5. Photographs of a fishing community in Waldoboro, Maine (1987-1993) that were later published in UpRiver: The Story of a Maine Fishing Community in 1996.

    6. Portraits taken of Iraqi children in Baghdad and Basrah in 1999.

    All titles and descriptions are written by Pierce on the back of her photographs. Each photograph is a taken on black and white film and is either a fiber print or a resin coated print.

    The collection also contains books that Pierce wrote:

    1. Pierce, Olive, No Easy Roses: A Look At the Lives of City Teenagers, Cambridge, Mass, 1986, signed, paperback, Thomas Todd, printer.

    2. Pierce, Olive, No Easy Roses: A Look At the Lives of City Teenagers, Cambridge, Mass, 1986, signed, red cloth hard cover with embossed rose, Thomas Todd, printer.

    3. Pierce, Olive, Out of the Midwest: A Memoir in Four Parts, 1925 – 1948; Part I: Childhood, 1925 – 1939, signed, self published , 2014.

    4. Pierce, Olive, Up River: The Story of A Maine Fishing Community, University Press of New England, 1996, signed.

    Also included is an audio cassette of the oral history interviews Pierce conducted for No Easy Roses; a DVD, Maine Master: Olive Pierce and Olive Pierce: Children of Iraq, Maine Masters Project, 2002; and postcards of the photographs Pierce took in Iraq.

    The addendum was curated by Alyssa Pacy, Archivist at the Cambridge Public Library after Olive Pierce died. Pierce's family asked Pacy to review Pierce's personal photo archive for relevant Cambridge material that the family then donated to the Library. The addendum includes photographs, a story board for a book about the Cambridge City Council, and a paper by Pierce titled, "On Teaching Photography," about her experience as a photography teacher at Cambridge Rindge and Latin High School.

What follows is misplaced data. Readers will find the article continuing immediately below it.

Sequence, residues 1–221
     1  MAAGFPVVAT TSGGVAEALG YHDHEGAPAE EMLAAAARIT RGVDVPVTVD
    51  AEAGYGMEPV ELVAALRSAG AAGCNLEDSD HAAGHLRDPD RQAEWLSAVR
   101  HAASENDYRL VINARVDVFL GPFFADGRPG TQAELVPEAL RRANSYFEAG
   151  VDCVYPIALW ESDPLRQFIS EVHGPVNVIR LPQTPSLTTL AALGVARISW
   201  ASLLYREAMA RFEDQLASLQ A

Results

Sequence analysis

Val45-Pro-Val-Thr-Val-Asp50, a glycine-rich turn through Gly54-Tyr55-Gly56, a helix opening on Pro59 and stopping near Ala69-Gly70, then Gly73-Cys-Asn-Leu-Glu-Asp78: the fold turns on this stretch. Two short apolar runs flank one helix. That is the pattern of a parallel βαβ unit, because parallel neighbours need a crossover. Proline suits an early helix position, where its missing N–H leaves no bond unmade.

The majority of the photographs in the addendum are 8.5 x 11, although some are oversized and matted. Some descriptive information exists on the back of the photographs and a few are signed. The subjects covered include:

    1. Professional portraits that Pierce took on commission for Cambridge residents and personalities, circa 1960-1980.

    2. Photographs of the Harvard University strike at Harvard Stadium, 14 April 1969.

    3. Portraits of African American men at a halfway house in Cambridge who had recently been released from the Massachusetts Correctional Facility in Concord, circa 1970s.